“Vendors heat cast-iron forms in gas fires. They pour pancake batter into cups on the cast-iron mold, and let that cook for a moment,” Pomerleau says. “Then, dropping a raw egg onto one half of each mold, they close the sides together and let the egg cook between the still-finishing pancake batter. A minute or so later, they hand you a piping-hot, beautifully formed, indulgently tasty egg sandwich — all for about 500 won, which is approximately 50 cents. They know their fresh, hot winter food.”
Most resorts offer accommodations ranging from youth hostels to condominiums to luxurious guestrooms. It’s worth inquiring whether your room is heated using an ondo, a traditional Korean system located under the floor. Sleeping side-by-side on the floor with fellow guests may not be for everyone, but as author Petterson reports, it can be a terrific way to weather those brisk Korean winter nights: “The combination of the thin mattresses laid out over the heated floors resulted in my pillow being drenched with sweat the next morning.”
Known for its Silk Road Slope, the longest run (3.8 miles) with the highest altitude in Korea, the Muju Resort has become one of the nation’s most popular ski and snowboarding destinations. The 1,700-acre resort is divided between two bases: the 11-trail Manseon and the six-trail Seolcheon. In addition to cross-country trails, a sledding hill, indoor and outdoor skating rinks and an outdoor spa, Muju provides an open-air shopping district for its visitors. (San 43–15, Samgok-ri, Seolcheon-myeon, Muju-gun, tel 82 063 322 9000)
Ask a group of snowboarders about Korea, and the first words out of their mouths are likely to be “Phoenix Park.” The PyeongChang County resort’s 12 valley-style trails provide mini-pipes for beginners, super pipes for experts and an “extreme park” for those who want to push their limits. While the resort’s nightclub, shopping mall and karaoke rooms are aimed at younger visitors, those of all ages are likely to appreciate its 18-hole golf course designed by Jack Nicklaus. (1095 Myeonon-ri, Bongpyeong-myeon, Pyeongchang-gun, tel 82 033 333 6000)
The first Korean ski resort to keep its trails open 24 hours, Daemyung Vivaldi Park on Mount Maebong has something for everyone: a golf course, a sledding slope, supermarkets, beauty salons, an underground water park and 12 trails. The resort’s youth hostel and condominium complex provide up to 1,278 guestrooms. (San 125–16, Palbong-ri, Seo-myeon, Hongcheon-gun, tel 82 033 434 8311)
Opening in 1975 as Korea’s first modern ski resort, the 4,300-acre YongPyong later became the showpiece for PyeongChang County’s bid to host the 2010 Winter Olympics; the site previously welcomed the World Cup Ski Competition in 1998 and 2000, as well as the Winter Asian Games in 1999. In addition to 31 trails and 15 lifts, including the 591-foot Dragon Slope, YongPyong features an extended pipe and terrain park for snowboarders. The resort is also home to three golf courses, 20 banquet halls and seminar rooms and accommodations for up to 18,000 guests. (130 Yongsan-ri, Doam-myeon, Pyeongchang-gun, tel 82 033 335 5769)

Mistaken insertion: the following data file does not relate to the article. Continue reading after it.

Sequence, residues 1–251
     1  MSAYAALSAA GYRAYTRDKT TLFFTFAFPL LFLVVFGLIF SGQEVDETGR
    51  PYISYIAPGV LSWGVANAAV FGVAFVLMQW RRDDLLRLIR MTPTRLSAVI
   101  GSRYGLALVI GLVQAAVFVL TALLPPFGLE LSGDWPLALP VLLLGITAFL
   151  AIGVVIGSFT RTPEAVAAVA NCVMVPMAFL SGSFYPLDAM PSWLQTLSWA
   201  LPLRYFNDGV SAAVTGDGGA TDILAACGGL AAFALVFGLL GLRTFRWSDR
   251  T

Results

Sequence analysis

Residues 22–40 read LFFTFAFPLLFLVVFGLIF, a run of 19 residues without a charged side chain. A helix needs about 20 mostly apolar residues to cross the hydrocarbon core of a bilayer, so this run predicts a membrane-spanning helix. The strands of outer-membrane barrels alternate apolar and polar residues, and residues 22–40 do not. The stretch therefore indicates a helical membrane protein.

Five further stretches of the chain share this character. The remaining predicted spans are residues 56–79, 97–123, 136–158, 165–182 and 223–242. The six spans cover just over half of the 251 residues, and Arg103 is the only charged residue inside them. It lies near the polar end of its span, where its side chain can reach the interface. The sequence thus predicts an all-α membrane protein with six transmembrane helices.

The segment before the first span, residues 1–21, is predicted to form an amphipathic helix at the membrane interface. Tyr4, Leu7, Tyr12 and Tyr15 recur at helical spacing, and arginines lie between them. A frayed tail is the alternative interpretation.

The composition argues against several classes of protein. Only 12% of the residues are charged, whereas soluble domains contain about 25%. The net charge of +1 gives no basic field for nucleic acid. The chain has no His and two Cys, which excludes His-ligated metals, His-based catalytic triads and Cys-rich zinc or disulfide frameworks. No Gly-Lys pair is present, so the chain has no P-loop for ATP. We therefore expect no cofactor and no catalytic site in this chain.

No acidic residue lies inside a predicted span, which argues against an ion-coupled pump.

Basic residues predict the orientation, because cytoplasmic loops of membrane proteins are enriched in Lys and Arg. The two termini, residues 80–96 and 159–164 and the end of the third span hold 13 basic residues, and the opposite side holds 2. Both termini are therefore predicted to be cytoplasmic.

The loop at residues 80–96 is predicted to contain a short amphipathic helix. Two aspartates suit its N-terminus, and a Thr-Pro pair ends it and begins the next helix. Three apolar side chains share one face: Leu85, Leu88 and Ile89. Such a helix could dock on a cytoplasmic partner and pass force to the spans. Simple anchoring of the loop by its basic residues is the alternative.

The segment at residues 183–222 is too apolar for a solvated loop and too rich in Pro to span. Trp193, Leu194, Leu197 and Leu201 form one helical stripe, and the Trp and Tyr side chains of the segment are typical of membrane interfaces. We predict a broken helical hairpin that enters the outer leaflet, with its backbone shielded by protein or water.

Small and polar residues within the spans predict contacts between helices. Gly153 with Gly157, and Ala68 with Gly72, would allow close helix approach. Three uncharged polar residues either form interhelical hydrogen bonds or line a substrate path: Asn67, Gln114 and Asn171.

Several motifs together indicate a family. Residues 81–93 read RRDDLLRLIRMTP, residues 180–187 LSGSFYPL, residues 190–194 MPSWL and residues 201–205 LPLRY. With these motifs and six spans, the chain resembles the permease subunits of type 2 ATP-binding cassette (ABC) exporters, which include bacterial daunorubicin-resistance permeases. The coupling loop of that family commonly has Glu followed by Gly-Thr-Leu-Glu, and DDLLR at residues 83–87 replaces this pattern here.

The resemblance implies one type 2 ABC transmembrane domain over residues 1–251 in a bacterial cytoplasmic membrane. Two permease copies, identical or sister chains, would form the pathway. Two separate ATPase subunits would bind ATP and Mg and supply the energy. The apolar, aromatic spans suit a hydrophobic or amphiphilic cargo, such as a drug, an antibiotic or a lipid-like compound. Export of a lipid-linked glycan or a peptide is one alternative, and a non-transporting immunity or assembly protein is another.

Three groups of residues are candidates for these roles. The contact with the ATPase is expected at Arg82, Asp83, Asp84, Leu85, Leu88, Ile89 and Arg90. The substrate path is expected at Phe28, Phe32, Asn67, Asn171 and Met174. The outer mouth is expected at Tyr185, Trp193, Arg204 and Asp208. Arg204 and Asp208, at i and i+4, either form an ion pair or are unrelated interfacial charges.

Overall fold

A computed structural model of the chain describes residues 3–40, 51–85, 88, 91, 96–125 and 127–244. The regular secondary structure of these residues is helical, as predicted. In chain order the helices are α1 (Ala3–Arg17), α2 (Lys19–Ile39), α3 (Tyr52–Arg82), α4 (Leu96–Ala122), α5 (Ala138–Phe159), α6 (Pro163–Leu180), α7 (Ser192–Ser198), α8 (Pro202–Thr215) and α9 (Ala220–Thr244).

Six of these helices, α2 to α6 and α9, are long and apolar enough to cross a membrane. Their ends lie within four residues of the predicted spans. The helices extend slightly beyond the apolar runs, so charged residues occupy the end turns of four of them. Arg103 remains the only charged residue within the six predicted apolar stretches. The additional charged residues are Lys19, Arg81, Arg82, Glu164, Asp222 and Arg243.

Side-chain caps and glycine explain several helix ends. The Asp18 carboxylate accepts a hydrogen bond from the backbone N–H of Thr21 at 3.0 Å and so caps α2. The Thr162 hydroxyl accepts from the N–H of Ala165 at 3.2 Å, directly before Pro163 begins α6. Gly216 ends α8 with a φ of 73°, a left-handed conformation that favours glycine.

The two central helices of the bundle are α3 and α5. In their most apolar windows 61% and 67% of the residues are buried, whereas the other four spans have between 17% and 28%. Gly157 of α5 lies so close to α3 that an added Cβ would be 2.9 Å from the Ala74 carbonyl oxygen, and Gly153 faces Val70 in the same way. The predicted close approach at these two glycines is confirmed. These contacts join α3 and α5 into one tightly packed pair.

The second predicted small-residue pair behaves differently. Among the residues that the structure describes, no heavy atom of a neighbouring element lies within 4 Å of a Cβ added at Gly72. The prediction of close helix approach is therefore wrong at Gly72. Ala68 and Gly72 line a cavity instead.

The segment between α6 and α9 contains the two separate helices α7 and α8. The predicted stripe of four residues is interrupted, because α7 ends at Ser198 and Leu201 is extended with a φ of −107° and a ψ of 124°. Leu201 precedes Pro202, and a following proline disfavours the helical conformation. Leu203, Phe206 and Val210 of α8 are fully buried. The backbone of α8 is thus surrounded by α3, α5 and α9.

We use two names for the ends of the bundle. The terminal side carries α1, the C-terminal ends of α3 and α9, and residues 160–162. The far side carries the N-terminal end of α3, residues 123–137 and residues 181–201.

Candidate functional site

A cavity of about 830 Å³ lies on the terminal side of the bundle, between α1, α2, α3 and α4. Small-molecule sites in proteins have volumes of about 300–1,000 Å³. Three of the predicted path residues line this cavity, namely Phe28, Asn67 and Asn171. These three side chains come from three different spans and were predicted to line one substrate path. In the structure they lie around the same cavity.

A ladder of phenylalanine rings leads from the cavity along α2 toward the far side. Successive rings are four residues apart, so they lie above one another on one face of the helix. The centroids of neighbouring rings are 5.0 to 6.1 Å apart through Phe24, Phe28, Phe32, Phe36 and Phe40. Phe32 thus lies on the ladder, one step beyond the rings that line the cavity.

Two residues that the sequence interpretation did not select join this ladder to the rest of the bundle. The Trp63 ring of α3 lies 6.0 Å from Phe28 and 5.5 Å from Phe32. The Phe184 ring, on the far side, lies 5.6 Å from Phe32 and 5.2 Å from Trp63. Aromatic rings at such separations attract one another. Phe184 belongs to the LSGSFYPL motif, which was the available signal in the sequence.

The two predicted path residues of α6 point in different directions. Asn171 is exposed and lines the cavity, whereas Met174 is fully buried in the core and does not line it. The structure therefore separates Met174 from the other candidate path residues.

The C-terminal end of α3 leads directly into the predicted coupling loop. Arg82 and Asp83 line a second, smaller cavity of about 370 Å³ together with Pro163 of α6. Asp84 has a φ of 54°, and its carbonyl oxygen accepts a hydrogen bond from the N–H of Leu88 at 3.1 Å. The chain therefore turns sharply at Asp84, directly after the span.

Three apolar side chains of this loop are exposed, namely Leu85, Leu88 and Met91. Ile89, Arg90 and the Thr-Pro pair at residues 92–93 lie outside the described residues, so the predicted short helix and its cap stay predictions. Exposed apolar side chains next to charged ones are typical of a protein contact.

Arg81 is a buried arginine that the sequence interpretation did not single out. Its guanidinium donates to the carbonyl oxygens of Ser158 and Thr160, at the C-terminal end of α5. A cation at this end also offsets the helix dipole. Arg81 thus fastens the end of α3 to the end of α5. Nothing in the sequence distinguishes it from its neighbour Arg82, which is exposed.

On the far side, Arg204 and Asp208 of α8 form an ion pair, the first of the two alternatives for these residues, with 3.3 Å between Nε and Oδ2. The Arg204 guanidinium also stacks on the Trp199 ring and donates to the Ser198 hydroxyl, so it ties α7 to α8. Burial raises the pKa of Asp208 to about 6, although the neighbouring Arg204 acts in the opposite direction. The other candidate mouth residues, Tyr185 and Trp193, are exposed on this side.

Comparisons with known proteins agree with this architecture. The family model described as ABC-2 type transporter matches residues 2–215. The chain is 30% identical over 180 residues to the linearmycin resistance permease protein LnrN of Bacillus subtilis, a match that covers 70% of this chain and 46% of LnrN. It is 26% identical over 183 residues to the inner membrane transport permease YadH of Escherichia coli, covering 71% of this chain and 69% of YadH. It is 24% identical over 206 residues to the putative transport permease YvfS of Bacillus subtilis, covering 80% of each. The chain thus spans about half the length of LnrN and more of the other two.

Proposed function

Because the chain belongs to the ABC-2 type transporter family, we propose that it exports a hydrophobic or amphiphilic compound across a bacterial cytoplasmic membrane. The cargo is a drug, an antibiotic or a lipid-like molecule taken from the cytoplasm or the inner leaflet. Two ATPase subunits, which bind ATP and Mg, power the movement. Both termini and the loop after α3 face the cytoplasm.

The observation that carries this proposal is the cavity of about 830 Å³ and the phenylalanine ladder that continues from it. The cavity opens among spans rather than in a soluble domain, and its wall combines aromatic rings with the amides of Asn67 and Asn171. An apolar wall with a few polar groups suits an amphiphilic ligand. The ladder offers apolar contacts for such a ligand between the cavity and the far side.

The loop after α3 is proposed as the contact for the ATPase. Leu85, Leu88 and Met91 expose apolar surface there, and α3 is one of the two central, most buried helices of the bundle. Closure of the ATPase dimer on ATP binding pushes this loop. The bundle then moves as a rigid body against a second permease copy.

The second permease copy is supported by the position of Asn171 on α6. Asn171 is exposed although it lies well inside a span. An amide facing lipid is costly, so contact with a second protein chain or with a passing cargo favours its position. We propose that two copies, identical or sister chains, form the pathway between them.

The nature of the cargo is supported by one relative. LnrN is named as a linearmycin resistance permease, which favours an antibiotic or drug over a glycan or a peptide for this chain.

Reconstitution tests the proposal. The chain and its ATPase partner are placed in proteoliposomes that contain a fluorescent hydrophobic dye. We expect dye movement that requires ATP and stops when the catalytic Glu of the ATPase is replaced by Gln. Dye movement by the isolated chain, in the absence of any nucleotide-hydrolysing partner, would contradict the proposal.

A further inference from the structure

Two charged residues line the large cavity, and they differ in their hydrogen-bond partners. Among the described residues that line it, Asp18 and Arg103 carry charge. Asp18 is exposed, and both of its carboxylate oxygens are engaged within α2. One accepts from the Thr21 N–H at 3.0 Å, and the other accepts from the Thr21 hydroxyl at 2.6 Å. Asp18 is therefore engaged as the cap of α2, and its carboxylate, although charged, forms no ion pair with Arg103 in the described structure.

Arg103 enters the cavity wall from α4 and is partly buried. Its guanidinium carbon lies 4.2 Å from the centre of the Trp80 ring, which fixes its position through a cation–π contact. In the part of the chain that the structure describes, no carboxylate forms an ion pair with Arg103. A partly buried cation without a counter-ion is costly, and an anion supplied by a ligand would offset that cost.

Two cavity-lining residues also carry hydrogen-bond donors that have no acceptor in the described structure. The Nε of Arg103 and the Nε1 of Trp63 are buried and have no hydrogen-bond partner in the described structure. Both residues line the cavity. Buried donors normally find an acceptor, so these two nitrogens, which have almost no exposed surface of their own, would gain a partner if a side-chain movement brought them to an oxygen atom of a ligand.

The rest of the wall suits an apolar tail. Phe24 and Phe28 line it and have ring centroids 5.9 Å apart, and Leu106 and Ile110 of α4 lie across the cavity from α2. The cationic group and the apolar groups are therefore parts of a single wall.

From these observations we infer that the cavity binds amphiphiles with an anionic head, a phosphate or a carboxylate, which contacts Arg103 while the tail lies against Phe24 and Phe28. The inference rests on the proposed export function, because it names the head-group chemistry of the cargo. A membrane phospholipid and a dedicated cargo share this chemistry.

While it receives less snow and fewer skiers than Gangwon-do, Gyeonggi province is considerably closer to Seoul, making its mountains an ideal destination for residents and visitors looking for a ski getaway. In fact, the Konjiam Resort, the province’s largest, is so popular that its owners have limited admission to 7,000 visitors per day. In addition to 11 trails, the resort includes a golf course, condominium complex and a restaurant designed to resemble a California winery. (23–1 San, Doung-ri, Docheok-myeon, Gwangju-si, Gyeonggido, tel 82 023 777 2100)
Built in a former coal mine district, the High 1 Resort now includes 18 trails served by five lifts named after the Greek gods, as well as the Kangwon Land Casino, Korea’s largest. At 4,396 feet above sea level, the Top of the Top restaurant rotates to give diners views of three different mountain ranges. Those who can’t wait can participate in “Sky Dining,” a meal served aboard the gondola linking the trails and restaurant. High 1 is Korea’s first resort to be accessible by train; the nearby Jeongseon Station receives resort-only trains from both Seoul and Busan. (17 San, Gohan-ri, Gohan-eup, Jeongseon-gun, Gangwon-do, tel 82 033 590 7700)
While Korea’s ski season lasts from late November through March, a particularly good time to visit is during one of the nation’s many
winter festivals. Each January, hundreds of thousands of Koreans visit the Hwacheon region for its Sancheoneo Ice Festival. In addition to ice fishing — sancheoneo is a type of mountain trout — the festival features a Winter City Plaza of ice sculptures and rides on a traditional Korean sled, a wooden board with metal runners on which riders propel themselves using pointed wooden sticks. Visitors can decide for themselves whether they want to take part in the “barehanded fishing” contest while dressed in shorts and T-shirts, or to sample their catch at the festival’s Raw Fish Center. A similar event, the Inje Ice Fish Festival, takes place on the vast artificial Soyang Lake during the month of February. While guests are encouraged to try fresh, whole smelt dipped in red pepper paste, there’s also the option of ice sledding, ice football, riding in a horse-drawn carriage and shopping for local crafts.
To qualify as a health spa in Korea, the proprietor must prove that the water temperature is always above 95 degrees and that both the spa waters and the surrounding environment offer proven health benefits. Only two of the nation’s spas meet that criteria; at one, Seorak Waterpia (24–1 Jangsa-dong, Sokcho-si, Gangwon-do, tel 82 033 1588 2299) in Gangwon-do province, the hot spring waters are said to assuage mental fatigue, sleep deprivation, high blood pressure and neuralgia in addition to being good for the skin. Seorak now uses those waters in a variety of water rides, including a 131-foot-long wave pool and outdoor thermal spa baths with names like “Lovers’ Bath,” “Rock Bath” and “Prickle Bath.”
Info to Go
Seoul’s Incheon International Airport (ICN) is about two and a half hours from the ski resorts of Gyeonggi-do province and three hours from the resorts of Gangwon-do province. Shuttle buses to the major resorts are available from downtown Seoul. The High 1 Resort is also linked by rail to Seoul’s Cheongnyangni Station. For more information, visit the Korea Tourism Office.